Airborne radiometric surveys provide detailed, systematic coverage of large areas and are invaluable to improving the mapping -- especially when used in conjunction with other survey types such as airborne magnetic surveys.
Airborne Electromagnetic Surveys
Airborne electromagnetic surveys (EM) are designed to measure the conductivity in the subsurface of the earth in either a "target mode” for identifying conductive minerals such as graphite or massive sulphides (base metal minerals) or in a "mapping mode” to identify long conductive structures. Electromagnetic surveys work best in resistive rocks where there is no conductive overburden present. There are two types of airborne electromagnetic surveys, including active and passive.
Active Airborne EM Surveys - Terraquest's EM-Power
Active EM requires the utilization of a powerful source to transmit a local electromagnetic field (referred to as the primary field) from the aircraft. This field penetrates the ground and ideally energizes conductors within the bedrock, which in turn generate weaker secondary fields. The airborne survey measures both primary and secondary fields but through processing, the secondary field can be enhanced.
There are two modes of active EM surveys, frequency domain and time domain. The frequency domain system utilizes different frequencies to identify different EM characteristics of the ground conductor. The time domain approach -- used by Terraquest's Em-Power airborne electromagnetic system -- employs a pulse transmitter and the EM characteristics are identified according to the decay of the signal strength.
Passive Airborne Electromagnetic Surveys - Terraquest's Matrix VLF-EM
The second type, passive airborne electromagnetic surveys, utilizes natural (eg AFMAG) and/or more commonly, existing man made sources (Very Low Frequency or VLF) to energize the conductors. The VLF signals are transmitted around the world by governments, primarily for communication purposes. In North America there are three transmitters, a very powerful one in Cutler, Maine (24.0 KHz), another of medium power at LaMoure, North Dakota (25.2 KHz) and another at Jim Creek, Washington (24.8 KHz).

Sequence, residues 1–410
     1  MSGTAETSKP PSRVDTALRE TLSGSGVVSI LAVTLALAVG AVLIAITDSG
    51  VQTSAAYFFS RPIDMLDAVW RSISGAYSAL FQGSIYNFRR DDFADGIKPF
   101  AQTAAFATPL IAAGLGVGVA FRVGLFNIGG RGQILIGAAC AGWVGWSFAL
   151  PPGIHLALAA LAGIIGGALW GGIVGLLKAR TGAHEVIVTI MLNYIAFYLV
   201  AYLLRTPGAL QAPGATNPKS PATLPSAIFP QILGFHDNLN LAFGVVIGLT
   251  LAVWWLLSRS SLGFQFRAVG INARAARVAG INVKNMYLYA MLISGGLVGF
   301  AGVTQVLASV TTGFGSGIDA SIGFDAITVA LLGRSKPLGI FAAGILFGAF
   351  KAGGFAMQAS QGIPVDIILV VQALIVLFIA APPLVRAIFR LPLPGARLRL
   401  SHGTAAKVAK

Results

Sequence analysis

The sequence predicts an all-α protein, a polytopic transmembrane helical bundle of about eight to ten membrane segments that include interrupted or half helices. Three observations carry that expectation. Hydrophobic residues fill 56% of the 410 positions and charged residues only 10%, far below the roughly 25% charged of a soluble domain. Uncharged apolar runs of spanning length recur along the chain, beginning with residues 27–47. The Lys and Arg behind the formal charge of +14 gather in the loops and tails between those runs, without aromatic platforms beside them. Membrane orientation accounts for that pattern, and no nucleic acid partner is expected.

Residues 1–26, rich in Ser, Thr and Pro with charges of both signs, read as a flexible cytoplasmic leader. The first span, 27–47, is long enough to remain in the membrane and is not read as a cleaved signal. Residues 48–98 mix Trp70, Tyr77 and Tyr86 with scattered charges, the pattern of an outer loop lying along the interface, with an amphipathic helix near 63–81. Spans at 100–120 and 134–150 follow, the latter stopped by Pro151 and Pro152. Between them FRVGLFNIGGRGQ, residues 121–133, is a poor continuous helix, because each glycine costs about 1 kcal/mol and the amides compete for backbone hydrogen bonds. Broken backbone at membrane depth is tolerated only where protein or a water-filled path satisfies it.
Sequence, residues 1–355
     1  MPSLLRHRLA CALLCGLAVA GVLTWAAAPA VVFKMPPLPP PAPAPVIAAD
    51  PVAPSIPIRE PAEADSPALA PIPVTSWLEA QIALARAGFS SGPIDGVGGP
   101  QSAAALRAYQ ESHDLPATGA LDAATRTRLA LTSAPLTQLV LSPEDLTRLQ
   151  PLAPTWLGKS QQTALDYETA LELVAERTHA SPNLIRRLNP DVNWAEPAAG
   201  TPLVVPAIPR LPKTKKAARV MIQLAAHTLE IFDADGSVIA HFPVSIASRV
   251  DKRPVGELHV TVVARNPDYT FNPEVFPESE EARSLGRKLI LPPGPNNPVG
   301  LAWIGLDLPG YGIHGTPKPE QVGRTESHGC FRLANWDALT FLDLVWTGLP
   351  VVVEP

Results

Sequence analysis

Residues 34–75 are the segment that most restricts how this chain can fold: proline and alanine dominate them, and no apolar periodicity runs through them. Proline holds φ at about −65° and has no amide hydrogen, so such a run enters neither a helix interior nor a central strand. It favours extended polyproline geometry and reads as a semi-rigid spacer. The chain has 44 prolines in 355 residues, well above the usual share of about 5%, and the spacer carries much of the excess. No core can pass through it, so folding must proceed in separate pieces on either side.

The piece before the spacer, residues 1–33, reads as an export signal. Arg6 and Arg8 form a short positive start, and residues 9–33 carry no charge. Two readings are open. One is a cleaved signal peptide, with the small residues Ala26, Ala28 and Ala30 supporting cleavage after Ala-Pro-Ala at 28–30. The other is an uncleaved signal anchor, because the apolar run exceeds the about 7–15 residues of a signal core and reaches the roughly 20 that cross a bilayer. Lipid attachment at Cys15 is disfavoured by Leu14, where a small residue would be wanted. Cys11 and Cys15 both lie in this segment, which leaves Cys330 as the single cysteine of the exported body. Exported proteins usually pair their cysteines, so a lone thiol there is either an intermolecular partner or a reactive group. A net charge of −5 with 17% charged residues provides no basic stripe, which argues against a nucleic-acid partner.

Signals from these transmitters cover most of the continent and act as primary fields that are capable of energizing conductive bodies (such as graphite, metallic minerals and structures) in the ground. Once energized, the current within these bodies emits a secondary field forming the basis for geophysical exploration.
Terraquest uses a recently developed proprietary method of measuring Very Low Frequency (VLF) EM, called Matrix VLF-EM to map structure. The Matrix VLF-EM system uses three orthogonal coils mounted in the aircraft stinger, coupled with a receiver to record all frequencies between 22.0-27.0 KHz (to include all three North American VLF stations), to measure separately the X, Y and Z components of the VLF field.
Continuous monitoring of all three VLF frequencies reduces the reliance on any one transmitter during periodic maintenance downtime. Individual three-axis component data provides more detailed information about the nature of the earth's conductivity than simple total field measurements could, primarily because the coils respond differently to different conductors. The horizontal components tend to be strongest where currents are present (over conductive zones) while the z component tends to peak over contacts.
The system typically responds to variations in overburden conductivity, to large faults or shear zones, and to graphitic formational conductors. Because of these characteristics, Matrix VLF-EM can be useful as a mapping tool, particularly when combined with an airborne magnetic survey.
The combination of magnetic data with gamma-ray spectrometry and electromagnetic data, in a modern digital system, yields powerful mapping and exploration tools for both direct and indirect exploration techniques for economic minerals for mining companies.
Specialists in Airborne Geophysical Surveys
Terraquest was established in 1984 and since then, our dedicated team has flown over 1,500 airborne geophysical surveys using both fixed wing and helicopter platforms.  Our professional crews provide significant experience having carried out airborne magnetic surveys, airborne gravity surveys, airborne radiometric surveys, and airborne electromagnetic surveys on five continents.
Our quality data sets have been utilized in the exploration for base and precious metals, kimberlite, hydrocarbons, uranium, rare earth minerals and water.  The company has performed exemplary surveys for both small and large exploration groups as well as many government agencies.  References can be provided upon request. Visit